These wonderful promises are put on hold in chapter 20, which seems to be some kind of parenthesis, predicting what will happen in the meantime. Isaiah is commanded by God to strip and walk naked and barefoot. This is one of those examples of the prophet being the avatar for God’s intended actions: “Just as my servant Isaiah has walked naked and barefoot for three years as a sign and a portent against Egypt and Ethiopia.” (20:3)

More specifically, Assyria will conquer Egypt and “the king of Assyria lead away the Egyptians as captives and the Ethiopians[b]as exiles, both the young and the old, naked and barefoot, with buttocks uncovered, to the shame of Egypt.” (20:4) Nakedness is the very definition of shame and the same fate awaits Ethiopia as well.

Chapter 21 returns to poetic form of specific prophecies (oracles) being made about Babylon, Edom, and Arabia. Some sort of treacherous betrayal and invasion will occur to Babylon as it reclines in soft pleasure, ill prepared militarily:
They prepare the table,
    they spread the rugs,
    they eat, they drink.
Rise up, commanders,
    oil the shield! (21:5)

Caught unawares,  the invasion occurs:
Fallen, fallen is Babylon;
and all the images of her gods
    lie shattered on the ground. (21:9)

This is the cost of military unpreparedness. A topic suddenly more relevant for us as North Korea, Iran, and others escalate their threats. A similar fate await the other countries. But these pagan nations are not alone in their destruction as Isaiah predicts the eventual fall of Jerusalem itself:
For the Lord God of hosts has a day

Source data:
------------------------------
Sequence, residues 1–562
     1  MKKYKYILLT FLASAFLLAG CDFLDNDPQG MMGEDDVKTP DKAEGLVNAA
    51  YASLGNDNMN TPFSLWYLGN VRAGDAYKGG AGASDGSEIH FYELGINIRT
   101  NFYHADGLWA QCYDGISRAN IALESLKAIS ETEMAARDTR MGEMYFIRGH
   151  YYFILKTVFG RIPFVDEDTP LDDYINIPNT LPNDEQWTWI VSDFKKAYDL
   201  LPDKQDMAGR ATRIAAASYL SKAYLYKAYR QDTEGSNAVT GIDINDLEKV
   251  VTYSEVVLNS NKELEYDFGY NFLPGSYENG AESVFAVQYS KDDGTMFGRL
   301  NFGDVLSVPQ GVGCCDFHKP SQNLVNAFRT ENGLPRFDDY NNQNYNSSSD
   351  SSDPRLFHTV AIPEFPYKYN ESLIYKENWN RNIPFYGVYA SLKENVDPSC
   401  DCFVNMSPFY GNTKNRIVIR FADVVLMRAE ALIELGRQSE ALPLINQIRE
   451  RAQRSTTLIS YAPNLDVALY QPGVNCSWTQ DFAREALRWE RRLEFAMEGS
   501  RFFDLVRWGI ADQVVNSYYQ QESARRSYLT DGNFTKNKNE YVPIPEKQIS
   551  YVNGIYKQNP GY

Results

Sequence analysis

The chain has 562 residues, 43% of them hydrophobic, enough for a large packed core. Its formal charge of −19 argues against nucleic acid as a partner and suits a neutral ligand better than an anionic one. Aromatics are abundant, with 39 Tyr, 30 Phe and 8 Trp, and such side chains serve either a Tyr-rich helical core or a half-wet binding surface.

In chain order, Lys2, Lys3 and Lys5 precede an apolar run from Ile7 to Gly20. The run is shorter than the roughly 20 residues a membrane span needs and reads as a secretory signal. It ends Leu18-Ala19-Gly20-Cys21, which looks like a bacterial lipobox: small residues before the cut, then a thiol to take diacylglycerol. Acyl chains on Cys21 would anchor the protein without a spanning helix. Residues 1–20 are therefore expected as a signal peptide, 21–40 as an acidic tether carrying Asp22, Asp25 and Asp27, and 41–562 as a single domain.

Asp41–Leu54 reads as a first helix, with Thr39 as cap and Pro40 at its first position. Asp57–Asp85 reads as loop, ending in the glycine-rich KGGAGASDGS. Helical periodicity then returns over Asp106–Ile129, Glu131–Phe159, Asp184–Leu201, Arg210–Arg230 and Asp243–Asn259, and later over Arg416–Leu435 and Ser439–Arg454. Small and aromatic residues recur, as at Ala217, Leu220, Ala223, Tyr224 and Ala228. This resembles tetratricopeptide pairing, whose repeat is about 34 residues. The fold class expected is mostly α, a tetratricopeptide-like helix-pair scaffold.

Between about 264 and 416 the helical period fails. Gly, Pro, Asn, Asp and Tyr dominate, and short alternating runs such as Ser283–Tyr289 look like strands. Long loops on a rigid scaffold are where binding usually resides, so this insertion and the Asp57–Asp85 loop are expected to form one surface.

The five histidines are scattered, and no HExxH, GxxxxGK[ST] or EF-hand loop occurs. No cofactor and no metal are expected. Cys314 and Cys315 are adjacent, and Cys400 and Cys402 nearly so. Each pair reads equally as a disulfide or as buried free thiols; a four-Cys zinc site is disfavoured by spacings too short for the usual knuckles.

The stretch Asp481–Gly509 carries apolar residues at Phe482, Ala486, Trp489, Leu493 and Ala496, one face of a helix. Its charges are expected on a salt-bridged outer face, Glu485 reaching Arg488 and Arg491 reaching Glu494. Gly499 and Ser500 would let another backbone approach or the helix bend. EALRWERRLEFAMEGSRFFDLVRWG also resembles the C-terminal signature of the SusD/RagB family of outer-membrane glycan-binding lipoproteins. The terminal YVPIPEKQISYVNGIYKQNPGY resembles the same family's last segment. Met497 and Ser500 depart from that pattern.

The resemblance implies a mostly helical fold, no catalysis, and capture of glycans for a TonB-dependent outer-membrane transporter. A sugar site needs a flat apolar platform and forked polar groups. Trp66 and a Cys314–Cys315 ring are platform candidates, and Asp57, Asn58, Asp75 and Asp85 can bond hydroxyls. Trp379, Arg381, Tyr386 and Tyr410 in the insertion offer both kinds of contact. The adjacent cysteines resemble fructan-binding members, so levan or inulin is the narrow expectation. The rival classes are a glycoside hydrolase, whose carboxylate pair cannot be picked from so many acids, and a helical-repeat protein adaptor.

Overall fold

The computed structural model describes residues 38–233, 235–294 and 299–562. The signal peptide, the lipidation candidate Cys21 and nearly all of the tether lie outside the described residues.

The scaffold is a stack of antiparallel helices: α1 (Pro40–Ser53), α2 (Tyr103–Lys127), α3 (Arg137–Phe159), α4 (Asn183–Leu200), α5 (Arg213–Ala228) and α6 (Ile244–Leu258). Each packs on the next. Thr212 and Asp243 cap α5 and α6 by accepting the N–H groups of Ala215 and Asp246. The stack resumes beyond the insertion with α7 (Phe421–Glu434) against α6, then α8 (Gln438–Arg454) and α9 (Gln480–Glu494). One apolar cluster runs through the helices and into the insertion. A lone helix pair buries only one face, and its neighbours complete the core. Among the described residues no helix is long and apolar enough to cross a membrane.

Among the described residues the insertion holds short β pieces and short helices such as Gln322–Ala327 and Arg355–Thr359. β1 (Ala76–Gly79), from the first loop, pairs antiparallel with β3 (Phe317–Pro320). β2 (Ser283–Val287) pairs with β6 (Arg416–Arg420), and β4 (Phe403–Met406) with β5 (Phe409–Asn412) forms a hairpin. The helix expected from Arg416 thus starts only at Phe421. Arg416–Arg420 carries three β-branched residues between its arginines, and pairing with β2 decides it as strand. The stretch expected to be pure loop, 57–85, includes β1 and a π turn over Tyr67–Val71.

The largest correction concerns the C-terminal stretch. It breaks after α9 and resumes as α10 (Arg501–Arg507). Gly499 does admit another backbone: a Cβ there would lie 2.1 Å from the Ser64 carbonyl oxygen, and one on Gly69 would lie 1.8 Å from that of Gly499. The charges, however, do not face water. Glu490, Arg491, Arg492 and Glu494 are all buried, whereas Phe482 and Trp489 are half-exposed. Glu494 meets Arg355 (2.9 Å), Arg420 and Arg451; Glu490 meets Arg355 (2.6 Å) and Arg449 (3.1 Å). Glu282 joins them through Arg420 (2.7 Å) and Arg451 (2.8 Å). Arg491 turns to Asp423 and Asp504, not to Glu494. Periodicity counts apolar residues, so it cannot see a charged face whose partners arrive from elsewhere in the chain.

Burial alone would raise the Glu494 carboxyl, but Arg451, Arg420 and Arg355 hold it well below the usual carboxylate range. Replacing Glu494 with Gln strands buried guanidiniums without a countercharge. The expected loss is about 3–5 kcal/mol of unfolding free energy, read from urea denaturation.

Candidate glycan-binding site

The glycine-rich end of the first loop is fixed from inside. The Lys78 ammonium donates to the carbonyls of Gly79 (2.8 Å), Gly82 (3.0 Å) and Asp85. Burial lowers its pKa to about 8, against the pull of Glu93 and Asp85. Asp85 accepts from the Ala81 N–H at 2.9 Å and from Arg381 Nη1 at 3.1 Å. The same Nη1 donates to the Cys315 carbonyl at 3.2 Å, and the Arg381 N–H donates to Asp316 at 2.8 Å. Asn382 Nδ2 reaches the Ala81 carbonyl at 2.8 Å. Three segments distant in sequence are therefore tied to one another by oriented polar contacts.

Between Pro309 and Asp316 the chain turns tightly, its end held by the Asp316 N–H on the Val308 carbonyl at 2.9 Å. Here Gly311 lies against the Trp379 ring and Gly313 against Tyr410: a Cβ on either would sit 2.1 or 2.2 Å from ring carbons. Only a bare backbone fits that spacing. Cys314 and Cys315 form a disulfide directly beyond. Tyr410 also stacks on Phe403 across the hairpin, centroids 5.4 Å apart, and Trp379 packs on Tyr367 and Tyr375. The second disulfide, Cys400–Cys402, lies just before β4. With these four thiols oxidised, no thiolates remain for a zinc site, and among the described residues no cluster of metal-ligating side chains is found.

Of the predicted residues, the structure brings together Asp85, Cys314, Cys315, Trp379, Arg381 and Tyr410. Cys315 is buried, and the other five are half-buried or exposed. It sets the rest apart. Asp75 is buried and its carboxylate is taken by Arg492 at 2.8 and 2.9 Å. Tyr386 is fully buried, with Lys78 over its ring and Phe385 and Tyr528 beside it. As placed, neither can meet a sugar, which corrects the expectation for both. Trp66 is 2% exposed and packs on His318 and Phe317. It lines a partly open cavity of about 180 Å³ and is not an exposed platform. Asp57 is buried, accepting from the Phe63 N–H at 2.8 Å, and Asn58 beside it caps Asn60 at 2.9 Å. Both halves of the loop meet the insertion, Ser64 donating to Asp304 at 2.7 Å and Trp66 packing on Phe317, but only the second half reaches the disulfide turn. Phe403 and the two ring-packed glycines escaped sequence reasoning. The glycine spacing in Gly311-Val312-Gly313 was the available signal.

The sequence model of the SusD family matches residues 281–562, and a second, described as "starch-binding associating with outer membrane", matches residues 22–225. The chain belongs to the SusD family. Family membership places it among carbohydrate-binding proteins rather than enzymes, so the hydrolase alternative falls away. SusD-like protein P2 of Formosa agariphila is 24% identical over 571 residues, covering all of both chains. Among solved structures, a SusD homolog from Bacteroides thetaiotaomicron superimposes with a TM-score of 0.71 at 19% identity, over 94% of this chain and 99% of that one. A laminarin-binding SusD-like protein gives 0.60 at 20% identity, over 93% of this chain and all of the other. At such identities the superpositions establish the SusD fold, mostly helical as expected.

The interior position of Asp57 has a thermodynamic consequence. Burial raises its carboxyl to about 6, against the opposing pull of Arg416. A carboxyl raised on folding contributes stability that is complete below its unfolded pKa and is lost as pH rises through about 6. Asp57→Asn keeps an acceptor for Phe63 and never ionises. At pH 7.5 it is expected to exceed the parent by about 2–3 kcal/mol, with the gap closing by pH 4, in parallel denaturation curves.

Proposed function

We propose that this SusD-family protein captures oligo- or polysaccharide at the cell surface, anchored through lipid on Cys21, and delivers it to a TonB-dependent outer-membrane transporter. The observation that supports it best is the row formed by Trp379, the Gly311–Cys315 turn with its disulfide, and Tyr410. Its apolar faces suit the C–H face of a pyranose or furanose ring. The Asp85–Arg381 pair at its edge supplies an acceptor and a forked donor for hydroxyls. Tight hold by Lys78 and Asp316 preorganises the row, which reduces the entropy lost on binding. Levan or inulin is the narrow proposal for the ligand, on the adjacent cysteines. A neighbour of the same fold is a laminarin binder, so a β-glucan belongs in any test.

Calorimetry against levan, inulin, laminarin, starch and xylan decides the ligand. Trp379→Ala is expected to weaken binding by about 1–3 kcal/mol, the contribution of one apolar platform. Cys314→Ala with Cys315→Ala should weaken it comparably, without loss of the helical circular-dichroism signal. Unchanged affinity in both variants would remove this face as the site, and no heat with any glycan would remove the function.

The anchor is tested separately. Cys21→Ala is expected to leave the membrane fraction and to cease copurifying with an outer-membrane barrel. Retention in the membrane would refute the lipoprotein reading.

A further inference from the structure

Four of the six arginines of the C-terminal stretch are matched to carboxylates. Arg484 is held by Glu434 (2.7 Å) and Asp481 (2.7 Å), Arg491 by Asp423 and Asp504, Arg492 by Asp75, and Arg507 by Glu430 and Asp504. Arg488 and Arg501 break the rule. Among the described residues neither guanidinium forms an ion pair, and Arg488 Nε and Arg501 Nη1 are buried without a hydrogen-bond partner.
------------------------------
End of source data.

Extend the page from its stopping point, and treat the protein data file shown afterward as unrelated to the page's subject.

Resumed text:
of tumult and trampling and confusion
    in the valley of vision,
a battering down of walls
    and a cry for help to the mountains. (22:5)

Like Babylon, the leaders and inhabitants of Jerusalem blissfully ignore the threat, reclining instead in pleasure:
In that day the Lord God of hosts
    called to weeping and mourning,
    to baldness and putting on sackcloth;
but instead there was joy and festivity,
    killing oxen and slaughtering sheep,
    eating meat and drinking wine.
“Let us eat and drink,
    for tomorrow we die.”  (22:12, 13)

Again, these verses seem terribly relevant to us today. We collectively are enjoying today’s pleasures at the cost of tomorrow’s defeat—all summed up in the famous couplet at the end of this reading.

Ephesians 2:11–22: Addressing both Jews and Gentiles, Paul asks us to “remember that you were at that time without Christ, being aliens from the commonwealth of Israel, and strangers to the covenants of promise, having no hope and without God in the world.” (12) Only in Christ can unity occur: “But now in Christ Jesus you who once were far off have been brought near by the blood of Christ. For he is our peace; in his flesh he has made both groups into one and has broken down the dividing wall, that is, the hostility between us.” (13, 14)

This hostility is certainly the conflict between Jewish and Gentile Christians that Paul despairs of in Corinth and Galatia.  Peace and reconciliation can occur only in Christ: “He has abolished the law with its commandments and ordinances, that he might create in himself one new humanity in place of the two, thus making peace, and might reconcile both groups to God in one body through the cross, thus putting to death that hostility through it.” (15, 16)

Paul famously reminds us that as Christians “you are no longer strangers and aliens, but you are citizens with the saints and also members of the household of God.” (19)

A comprehensive and wonderful definition of the church based on that reconciliation follows. It is “built upon the foundation of the apostles and prophets, with Christ Jesus himself as the cornerstone.” (20) Paul continues optimistically: “In him the whole structure is joined together and grows into a holy temple in the Lord; in whom you also are built together spiritually  into a dwelling place for God.” (21, 22)

But as we look across today’s landscape littered with splits and divisions within the church we can see that Paul’s words express a great hope that has continues to be betrayed by the reality of human sinfulness. The diagnosis is simple: we have not unified ourselves in Christ. The treatment is more difficult. To counteract this division, unity is our not only a noble Christian goal, as I read this passage, it also must be our solemn duty.